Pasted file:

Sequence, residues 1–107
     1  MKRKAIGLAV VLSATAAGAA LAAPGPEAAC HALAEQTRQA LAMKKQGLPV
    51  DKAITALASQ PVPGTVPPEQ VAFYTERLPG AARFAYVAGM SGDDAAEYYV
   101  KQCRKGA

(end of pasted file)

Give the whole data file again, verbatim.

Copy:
Sequence, residues 1–107
     1  MKRKAIGLAV VLSATAAGAA LAAPGPEAAC HALAEQTRQA LAMKKQGLPV
    51  DKAITALASQ PVPGTVPPEQ VAFYTERLPG AARFAYVAGM SGDDAAEYYV
   101  KQCRKGA